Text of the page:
The Bombers’ favorite passing play is a run-pass option where Williams pulls the ball out following a fake to Makhi Stanley. The play action forces linebackers to come up and take one or two steps forward, freezing them so he can easily dump it off over their heads on quick slants across the middle or over-the-top on seam routes.

On defense, the Bombers are a physical group that is not easy to run on between the tackles and can rally to the ball. A-O stuffed Arcola’s inside run game in a 22-9 win over the No. 6 seed Purple Riders in Week 7.

Fisher, a triple-option offense led by RB Tyler Wilson (258 carries, 1,472 yards, 26 TD) and QB Will Delaney (69 carries, 408 yards, six TD, seven fumbles) that runs predominantly on the inside, may opt to get to the perimeter more and perhaps get Delaney in space on the edges. The junior was deadly against Cumberland, churning up yards following fake handoffs to Wilson.

With No. 4 Red Hill and No. 5 Madison both suffering losses in the first round, the winner of Fisher/A-O has an inside track at a semifinal berth. The Bunnies would host a quarterfinal game with a win over the Bombers. 

“Very fast, very well-coached and physical,” Palmer said of the Bombers. “They can make big plays. I just can’t say enough good things about them. When you’re playing a team that’s 10-0, you know they do a lot of things well. It’s going to be a challenge for our guys.”

Tale of the Tape

Fisher

Conference: Heart of Illinois Conference Small (8-2, 4-1; second place)

Points per game: 31.9 (319)

Points allowed per game: 21.2 (212)

Record vs. playoff teams: 2-2 (21-14 W @Tri-Valley; 56-0 L vs. GCMS; 46-14 L @LeRoy; 48-15 W vs. Cumberland)

Offensive style: Triple-option (85 percent run; 2,510 yards; 15 percent pass; 743 yards)

Players to Watch: QB/S Will Delaney (41-for-78, 743 yards, nine TD, three INT; 69 carries, 408 yards, six TD, seven FUM; 65 tackles, one INT, two FR), RB/LB Tyler Wilson (258 carries, 1,472 yards, 26 TD, two FUM; 41 tackles, one sack, three TFLs), OL/DL Tanner Diorio (66 tackles, two sacks, 13 TFLs),TE/ LB Dylan Baker (31 tackles, one sack), WR/LB Tyler Martin (12 catches, 390 yards, five TD; 53 tackles, two TFLs, one INT), WR Andrew Koslowski (eight catches, 114 yards, two TD)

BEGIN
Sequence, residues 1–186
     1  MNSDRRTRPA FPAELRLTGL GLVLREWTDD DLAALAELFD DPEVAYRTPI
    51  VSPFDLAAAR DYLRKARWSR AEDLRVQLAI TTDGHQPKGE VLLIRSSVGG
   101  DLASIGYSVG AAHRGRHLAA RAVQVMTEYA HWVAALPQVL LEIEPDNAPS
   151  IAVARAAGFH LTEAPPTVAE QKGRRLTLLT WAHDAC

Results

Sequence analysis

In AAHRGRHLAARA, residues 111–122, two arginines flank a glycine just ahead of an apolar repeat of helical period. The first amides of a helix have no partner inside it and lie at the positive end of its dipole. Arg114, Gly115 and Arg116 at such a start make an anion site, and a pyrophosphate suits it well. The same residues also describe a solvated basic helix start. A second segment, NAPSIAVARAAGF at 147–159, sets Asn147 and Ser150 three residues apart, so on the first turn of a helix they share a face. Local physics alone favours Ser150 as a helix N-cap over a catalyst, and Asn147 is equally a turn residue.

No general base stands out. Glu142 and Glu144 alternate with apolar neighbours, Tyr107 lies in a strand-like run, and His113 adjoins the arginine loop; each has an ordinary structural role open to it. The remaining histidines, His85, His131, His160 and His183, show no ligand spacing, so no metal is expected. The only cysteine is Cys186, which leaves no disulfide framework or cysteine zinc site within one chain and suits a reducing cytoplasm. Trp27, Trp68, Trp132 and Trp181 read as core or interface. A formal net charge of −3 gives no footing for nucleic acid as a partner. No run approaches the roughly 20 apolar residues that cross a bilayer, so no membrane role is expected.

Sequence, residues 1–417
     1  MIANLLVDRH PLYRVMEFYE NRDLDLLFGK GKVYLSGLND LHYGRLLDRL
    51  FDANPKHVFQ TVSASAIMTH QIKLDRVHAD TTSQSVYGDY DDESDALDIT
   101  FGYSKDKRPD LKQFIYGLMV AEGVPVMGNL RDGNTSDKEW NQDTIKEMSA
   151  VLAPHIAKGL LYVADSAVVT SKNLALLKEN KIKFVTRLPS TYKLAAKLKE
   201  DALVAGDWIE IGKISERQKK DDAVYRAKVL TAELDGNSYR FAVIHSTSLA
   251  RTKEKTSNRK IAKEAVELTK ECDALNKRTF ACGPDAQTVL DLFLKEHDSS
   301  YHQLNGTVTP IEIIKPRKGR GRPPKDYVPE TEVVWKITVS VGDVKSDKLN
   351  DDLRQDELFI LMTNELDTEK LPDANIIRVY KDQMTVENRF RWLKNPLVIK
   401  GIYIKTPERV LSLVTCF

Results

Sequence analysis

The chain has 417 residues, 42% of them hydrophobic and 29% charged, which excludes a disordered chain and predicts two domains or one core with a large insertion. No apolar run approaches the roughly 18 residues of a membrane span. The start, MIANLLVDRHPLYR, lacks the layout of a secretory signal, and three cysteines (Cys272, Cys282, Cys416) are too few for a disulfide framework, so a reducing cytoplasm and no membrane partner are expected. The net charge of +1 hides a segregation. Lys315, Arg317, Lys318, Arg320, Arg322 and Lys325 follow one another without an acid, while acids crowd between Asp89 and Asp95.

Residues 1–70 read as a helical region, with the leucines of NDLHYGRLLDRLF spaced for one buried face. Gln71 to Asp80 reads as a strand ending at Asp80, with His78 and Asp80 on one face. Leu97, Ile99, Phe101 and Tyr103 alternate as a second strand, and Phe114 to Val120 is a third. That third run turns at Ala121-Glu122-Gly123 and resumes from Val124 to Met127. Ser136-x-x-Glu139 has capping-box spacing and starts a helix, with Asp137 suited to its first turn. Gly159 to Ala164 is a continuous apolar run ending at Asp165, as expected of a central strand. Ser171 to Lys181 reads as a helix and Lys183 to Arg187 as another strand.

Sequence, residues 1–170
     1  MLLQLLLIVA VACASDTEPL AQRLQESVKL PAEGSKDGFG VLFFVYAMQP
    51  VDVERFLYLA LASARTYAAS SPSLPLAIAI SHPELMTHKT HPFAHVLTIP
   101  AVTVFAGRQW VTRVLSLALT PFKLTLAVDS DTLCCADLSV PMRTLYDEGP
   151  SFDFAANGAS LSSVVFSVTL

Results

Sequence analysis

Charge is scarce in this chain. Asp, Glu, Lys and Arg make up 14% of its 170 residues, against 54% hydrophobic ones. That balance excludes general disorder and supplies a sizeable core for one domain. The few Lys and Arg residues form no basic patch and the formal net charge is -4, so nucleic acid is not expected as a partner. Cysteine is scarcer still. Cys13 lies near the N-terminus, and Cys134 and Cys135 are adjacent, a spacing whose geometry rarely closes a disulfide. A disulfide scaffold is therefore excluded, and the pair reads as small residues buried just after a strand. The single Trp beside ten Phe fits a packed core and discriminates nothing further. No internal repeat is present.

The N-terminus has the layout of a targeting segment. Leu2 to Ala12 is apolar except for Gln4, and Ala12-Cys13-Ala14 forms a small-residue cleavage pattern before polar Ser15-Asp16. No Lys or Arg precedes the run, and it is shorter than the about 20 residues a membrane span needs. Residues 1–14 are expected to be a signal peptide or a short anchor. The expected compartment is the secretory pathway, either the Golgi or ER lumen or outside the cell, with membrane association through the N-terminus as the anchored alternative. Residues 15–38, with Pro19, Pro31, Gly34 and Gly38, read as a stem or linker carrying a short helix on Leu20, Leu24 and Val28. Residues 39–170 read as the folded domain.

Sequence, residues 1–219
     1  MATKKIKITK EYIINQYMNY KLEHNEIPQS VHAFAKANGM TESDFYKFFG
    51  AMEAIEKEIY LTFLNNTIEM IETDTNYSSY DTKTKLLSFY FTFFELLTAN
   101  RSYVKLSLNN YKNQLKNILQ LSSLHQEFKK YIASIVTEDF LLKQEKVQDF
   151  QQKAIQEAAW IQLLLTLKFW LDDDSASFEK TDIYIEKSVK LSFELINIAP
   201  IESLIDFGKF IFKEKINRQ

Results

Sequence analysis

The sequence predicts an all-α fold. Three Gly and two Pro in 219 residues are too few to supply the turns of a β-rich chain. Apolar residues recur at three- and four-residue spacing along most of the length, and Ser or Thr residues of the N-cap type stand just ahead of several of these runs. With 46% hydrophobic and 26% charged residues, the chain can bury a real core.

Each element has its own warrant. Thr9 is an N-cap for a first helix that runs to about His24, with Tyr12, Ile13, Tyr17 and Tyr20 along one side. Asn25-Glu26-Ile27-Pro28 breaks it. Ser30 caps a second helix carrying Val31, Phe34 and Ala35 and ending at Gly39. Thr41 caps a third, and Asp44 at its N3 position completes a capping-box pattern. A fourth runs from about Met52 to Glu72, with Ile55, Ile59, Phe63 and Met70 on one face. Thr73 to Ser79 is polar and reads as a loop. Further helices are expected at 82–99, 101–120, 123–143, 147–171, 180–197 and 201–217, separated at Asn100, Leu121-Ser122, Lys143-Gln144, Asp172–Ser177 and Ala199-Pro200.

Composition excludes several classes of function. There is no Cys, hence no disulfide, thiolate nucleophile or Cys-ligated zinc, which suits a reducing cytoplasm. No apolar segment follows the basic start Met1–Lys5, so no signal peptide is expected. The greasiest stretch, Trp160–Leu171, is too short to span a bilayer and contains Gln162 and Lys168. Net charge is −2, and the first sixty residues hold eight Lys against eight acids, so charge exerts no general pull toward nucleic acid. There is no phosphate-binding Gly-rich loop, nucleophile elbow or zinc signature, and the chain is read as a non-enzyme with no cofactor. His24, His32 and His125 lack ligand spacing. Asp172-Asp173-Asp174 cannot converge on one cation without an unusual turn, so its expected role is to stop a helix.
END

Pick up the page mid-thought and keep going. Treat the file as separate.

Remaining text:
Key matchup: Fisher LBs/DBs vs. Argenta-Oreana WRs/RBs. Imperative for Fisher’s back seven-eight to stay home on play-action fakes so they don’t get beat over the top but also rally quickly to the ball when Makhi Stanley does get the ball. Tyler Wilson is a small linebacker but is fast enough to track the back down. Will Delaney will have even more responsibility in this matchup from his safety position, as the Bombers like to attack the seams.

 

Argenta-Oreana

Conference: Little Okay Valley Northwest (10-0, 5-0; champions)

PPG: 46 (460)

PA: 12 (120)

Record vs. playoff teams: 4-0 (38-22 vs. Oakwood; 54-6 @Cerro Gordo/Bement; 22-9 vs. Arcola, 50-10 vs. Cerro Gordo/Bement)

Offensive style: Spread (64 percent run; 2,509 yards; 36 percent pass, 1,649 yards)

Players to Watch: QB Josh Williams (92-for-156, 1,466 yards, 21 TD, three INT; 89 carries, 735 yards, 17 TD), RB/DE Makhi Stanley (80 carries, 903 yards, 10 TD; six catches, 98 yards, one TD; 56 tackles, seven sacks, 10 TFLs, one INT, one FR), WR/LB Makail Stanley (44 catches, 839 yards, 16 TD; 59 tackles, three sacks, six TFLs), RB/LB Skylar Petersen (105 carries, 683 yards, 13 TD; 89 tackles, one sack, two TFLs), WR Garrett Gloede (14 catches, 298 yards, two TD), DB Colton Robinson (five INT, one FF, one FR), OL/DL Evan Rodriguez (42 tackles, one sack, two TFLs)

Key matchup: Argenta-Oreana OL vs. Fisher DL. It’s not just the run game blocking the Bunnies have to contend with. It’s also difficult to put pressure on Williams in the pocket with how quickly he gets the ball out. If the Bunnies’ pass rush can flow to the ball, neutralizing Williams’ threat to scramble when he breaks contain to the outside on rollouts, it takes a big load off their secondary.

Contact Zack Carpenter at zcarpenter@rantoulpress.com and on Twitter @ZackCarpenter11.

Categories (3):Prep Sports, Football, Sports